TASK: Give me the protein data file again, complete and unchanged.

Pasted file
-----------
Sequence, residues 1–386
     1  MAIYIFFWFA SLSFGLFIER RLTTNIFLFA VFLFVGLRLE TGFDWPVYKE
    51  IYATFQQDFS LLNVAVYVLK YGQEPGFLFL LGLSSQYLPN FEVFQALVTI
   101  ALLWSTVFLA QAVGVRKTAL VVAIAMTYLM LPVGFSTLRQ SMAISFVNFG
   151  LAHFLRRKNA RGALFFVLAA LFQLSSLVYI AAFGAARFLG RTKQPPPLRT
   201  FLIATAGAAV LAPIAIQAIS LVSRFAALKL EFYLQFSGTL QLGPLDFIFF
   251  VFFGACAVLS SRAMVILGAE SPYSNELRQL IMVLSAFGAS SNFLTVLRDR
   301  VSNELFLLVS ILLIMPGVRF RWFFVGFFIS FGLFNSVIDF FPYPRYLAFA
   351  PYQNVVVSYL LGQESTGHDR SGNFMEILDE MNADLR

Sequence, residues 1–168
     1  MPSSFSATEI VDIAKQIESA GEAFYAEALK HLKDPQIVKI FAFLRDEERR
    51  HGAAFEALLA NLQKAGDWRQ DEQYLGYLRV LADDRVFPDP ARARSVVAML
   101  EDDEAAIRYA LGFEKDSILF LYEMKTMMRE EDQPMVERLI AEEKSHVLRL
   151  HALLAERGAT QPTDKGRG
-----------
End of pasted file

Sequence, residues 1–386
     1  MAIYIFFWFA SLSFGLFIER RLTTNIFLFA VFLFVGLRLE TGFDWPVYKE
    51  IYATFQQDFS LLNVAVYVLK YGQEPGFLFL LGLSSQYLPN FEVFQALVTI
   101  ALLWSTVFLA QAVGVRKTAL VVAIAMTYLM LPVGFSTLRQ SMAISFVNFG
   151  LAHFLRRKNA RGALFFVLAA LFQLSSLVYI AAFGAARFLG RTKQPPPLRT
   201  FLIATAGAAV LAPIAIQAIS LVSRFAALKL EFYLQFSGTL QLGPLDFIFF
   251  VFFGACAVLS SRAMVILGAE SPYSNELRQL IMVLSAFGAS SNFLTVLRDR
   301  VSNELFLLVS ILLIMPGVRF RWFFVGFFIS FGLFNSVIDF FPYPRYLAFA
   351  PYQNVVVSYL LGQESTGHDR SGNFMEILDE MNADLR

Sequence, residues 1–168
     1  MPSSFSATEI VDIAKQIESA GEAFYAEALK HLKDPQIVKI FAFLRDEERR
    51  HGAAFEALLA NLQKAGDWRQ DEQYLGYLRV LADDRVFPDP ARARSVVAML
   101  EDDEAAIRYA LGFEKDSILF LYEMKTMMRE EDQPMVERLI AEEKSHVLRL
   151  HALLAERGAT QPTDKGRG